Westminster Chapel was originally a Father Willis - the case has a family resemblance to the Ally Pally and others. Rushworth's had two goes at it, initially prompted by a desire to get more power to cope with the very large congregations which attended the church. It was written up with approval by Gilbert Benham in 'The Organ' and I believe it has always been well thought-off.

 

 

The 'orchestral' third manual, in both name or nature, was a Colonel George Dixon hallmark (St.James Whitehaven, St.Bees Priory etc) though not perhaps unique to him?

 

CP

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The 'orchestral' third manual, in both name or nature, was a Colonel George Dixon hallmark (St.James Whitehaven, St.Bees Priory etc) though not perhaps unique to him?

 

CP

 

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Indeed it was a Dixon hallmark, and the organ at Keighley was the first tonal experiment on which they collaborated, when funds were made available to add a third manual. They decided to call it the Choir Organ, even though it was the top manual! (Probably to do with the action layout, with the new windchest stuck in front of the Swell, thus impeding the sound, and the action sitting nicely above the rest of the old action runs. Curiously, I recall the fact that all three manuals had quite different touches and weight.

 

I would have to check the dates, but I wonder if this wasn't the period when Whiteley was voicing for Harrison?

 

The "choir organ" was awful anyway, and stood out like a sore thumb from the rest of the fluework. I never actually found a use for it. The Claribel was fat and fluffy, the string devoid of character, the 4ft flute pathetic, the Picollo too loud and fat in tone, while the "orchestral reeds" about as attractive as a gathering of amateur Scottish Pipers who made their own instruments on the kitchen table.

 

MM

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I have recently become aquainted with this

 

The organ was designed by Alfred Hollins and indeed he was organist for a good many years.

 

Correction to the above- Hollins was never, to my knowledge, organist of the reid memorial church Edinburgh. He was organist for a very long time at St. Georges West Church Edinburgh. The organ is a TC Lewis which was rebuilt by Rushworths under Hollins direction. Spec and history here, http://www.npor.org.uk/cgi-bin/Rsearch.cgi...ec_index=N07957 The organ has sadly been much modified, but it's general feel survives. The church is now closed for worship, but the organ is still there. I haven't played or heard it - one of the few I never got to hear in my 4 years in Edinburgh!

 

Hollins also redesigned this Willis instrument http://www.npor.org.uk/cgi-bin/Rsearch.cgi...ec_index=D08494 it has also been rebuilt twice since.The NPOR isn't up to date - it's now been more or less returned to it's 1920's rushworth spec by Harrisons, the 1970's changes being apparently really unsuccessful. This is a fine instrument today and has been recorded on the recent 'Organs of Edinburgh' publication.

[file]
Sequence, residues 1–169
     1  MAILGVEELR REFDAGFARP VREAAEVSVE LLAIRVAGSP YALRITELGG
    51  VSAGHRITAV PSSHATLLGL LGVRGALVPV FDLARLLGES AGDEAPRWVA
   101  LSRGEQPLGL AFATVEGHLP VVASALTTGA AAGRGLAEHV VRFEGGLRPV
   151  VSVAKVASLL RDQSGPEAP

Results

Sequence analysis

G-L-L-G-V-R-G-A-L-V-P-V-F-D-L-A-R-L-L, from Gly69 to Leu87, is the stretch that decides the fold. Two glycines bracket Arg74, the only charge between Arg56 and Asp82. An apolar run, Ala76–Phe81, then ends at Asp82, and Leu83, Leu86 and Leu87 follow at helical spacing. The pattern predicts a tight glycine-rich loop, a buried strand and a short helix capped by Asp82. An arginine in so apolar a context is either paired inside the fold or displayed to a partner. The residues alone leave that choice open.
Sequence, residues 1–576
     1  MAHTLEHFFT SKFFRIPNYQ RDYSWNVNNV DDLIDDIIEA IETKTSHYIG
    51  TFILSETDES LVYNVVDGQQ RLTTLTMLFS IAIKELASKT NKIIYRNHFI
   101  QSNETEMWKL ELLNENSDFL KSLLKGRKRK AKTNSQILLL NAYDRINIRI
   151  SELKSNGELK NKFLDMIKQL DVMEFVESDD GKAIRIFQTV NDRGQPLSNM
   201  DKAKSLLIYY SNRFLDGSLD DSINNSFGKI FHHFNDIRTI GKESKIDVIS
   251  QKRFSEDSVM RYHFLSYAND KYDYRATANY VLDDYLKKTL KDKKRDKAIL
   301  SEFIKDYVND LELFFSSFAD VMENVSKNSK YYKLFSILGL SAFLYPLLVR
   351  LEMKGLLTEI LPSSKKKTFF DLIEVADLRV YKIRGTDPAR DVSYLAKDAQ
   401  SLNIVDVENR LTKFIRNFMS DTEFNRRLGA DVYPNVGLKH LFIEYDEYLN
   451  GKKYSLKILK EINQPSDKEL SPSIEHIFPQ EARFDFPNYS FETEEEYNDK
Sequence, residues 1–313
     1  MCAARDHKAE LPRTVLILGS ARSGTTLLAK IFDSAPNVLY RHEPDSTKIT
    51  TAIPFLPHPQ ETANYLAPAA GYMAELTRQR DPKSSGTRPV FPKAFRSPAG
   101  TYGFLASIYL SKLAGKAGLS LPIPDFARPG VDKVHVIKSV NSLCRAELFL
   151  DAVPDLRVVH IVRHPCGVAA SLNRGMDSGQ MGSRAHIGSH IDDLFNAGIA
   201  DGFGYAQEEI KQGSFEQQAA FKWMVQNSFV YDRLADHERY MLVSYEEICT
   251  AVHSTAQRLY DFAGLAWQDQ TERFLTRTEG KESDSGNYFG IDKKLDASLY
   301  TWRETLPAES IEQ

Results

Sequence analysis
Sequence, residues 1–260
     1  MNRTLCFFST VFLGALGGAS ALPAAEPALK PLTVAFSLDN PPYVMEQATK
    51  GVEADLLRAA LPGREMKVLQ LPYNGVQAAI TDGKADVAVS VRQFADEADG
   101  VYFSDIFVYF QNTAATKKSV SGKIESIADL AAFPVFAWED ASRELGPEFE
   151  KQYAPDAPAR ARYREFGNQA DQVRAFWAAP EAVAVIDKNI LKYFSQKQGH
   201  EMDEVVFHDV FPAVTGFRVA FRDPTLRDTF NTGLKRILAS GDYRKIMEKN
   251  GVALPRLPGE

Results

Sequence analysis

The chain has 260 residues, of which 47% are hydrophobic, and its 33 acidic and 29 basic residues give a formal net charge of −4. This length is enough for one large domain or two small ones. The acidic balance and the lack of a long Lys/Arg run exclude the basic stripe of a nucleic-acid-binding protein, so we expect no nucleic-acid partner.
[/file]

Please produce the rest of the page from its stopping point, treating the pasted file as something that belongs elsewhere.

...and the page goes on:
The interesting thing is that 3 organs of similar size were designed along very similar lines in Edinburgh by Hollins, though only the Reid memorial was brand new, and it is the only one which survives completely as he designed it today. All three originally had an orchestral style lower manual.

 

I personally think the idea of Gt/Sw/Orchestral is very useful, excellent for accompanying or English repertoire. Really there is very little disadvantage to this scheme over the traditional English Gt/ Sw/Ch format.

 

Were all Rushworths that good? Some others here suggest not, but I put money on it that their standard of reed voicing was consistantly excellent through this period. The Rushworth Trombas are instantly recognisable, I love their power and sonority. The Orchestral reeds are extreemly refined too. My criticism is often the mixture work - the swell mixture at the Reid memorial only breaks once at middle C. It gets rather squealy up top, and is wrongly named sesquialtera when the composition starts 19,22 and there is never a tierce present.

 

CD

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Correction to the above- Hollins was never, to my knowledge, organist of the reid memorial church Edinburgh. He was organist for a very long time at St. Georges West Church Edinburgh. The organ is a TC Lewis which was rebuilt by Rushworths under Hollins direction.

 

Thanks for this - 'error spotted later - I had meant to edit but not got round to it!

 

A

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Has anyone experienced Cheltenham Town Hall organ recently?

 

A

 

Yes and no. I live in Cheltenham and have played the organ in the Town Hall but only with orchestra in choral works which provide for organ backing/filling out. I didn't have much time to try it out in any detail but I can't say that I found anything 'wrong' with it apart from a couple of notes not playing, one on either of the Gt Diapasons. The pneumatic action works well enough but will require attention in the not too distant future. In fact it made rather a good sound, quite powerful and rich. It is well laid out in a very spacious area raised up behind the choral seating and designed, so it is said, by Sir H Brewer of Gloucester Cathedral. The only disadvantage, as I gather, is that the sound doesn't realy penetrate tha hall that well. 'High and lifted up' it might be but it and the choir seats are in a kind of alcove behind a somewhat lower arch. In front of the arch there is a stage area for and orchestra (a more recent addition, I think).

 

I have permission to go into the Town Hall and play the organ (just to make sure it gets used) whenever the hall is not in use but finding a time when I am able, when the hall is open but not in use seems almost impossible! Hooray for a well used Town Hall if not fur a well used organ.

 

F-W

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Yes and no. I live in Cheltenham and have played the organ in the Town Hall but only with orchestra in choral works which provide for organ backing/filling out. I didn't have much time to try it out in any detail but I can't say that I found anything 'wrong' with it apart from a couple of notes not playing, one on either of the Gt Diapasons. The pneumatic action works well enough but will require attention in the not too distant future. In fact it made rather a good sound, quite powerful and rich. It is well laid out in a very spacious area raised up behind the choral seating and designed, so it is said, by Sir H Brewer of Gloucester Cathedral. The only disadvantage, as I gather, is that the sound doesn't realy penetrate tha hall that well. 'High and lifted up' it might be but it and the choir seats are in a kind of alcove behind a somewhat lower arch. In front of the arch there is a stage area for and orchestra (a more recent addition, I think).

 

I have permission to go into the Town Hall and play the organ (just to make sure it gets used) whenever the hall is not in use but finding a time when I am able, when the hall is open but not in use seems almost impossible! Hooray for a well used Town Hall if not fur a well used organ.

 

F-W

 

Thanks for this - 'may PM at a later date.

 

A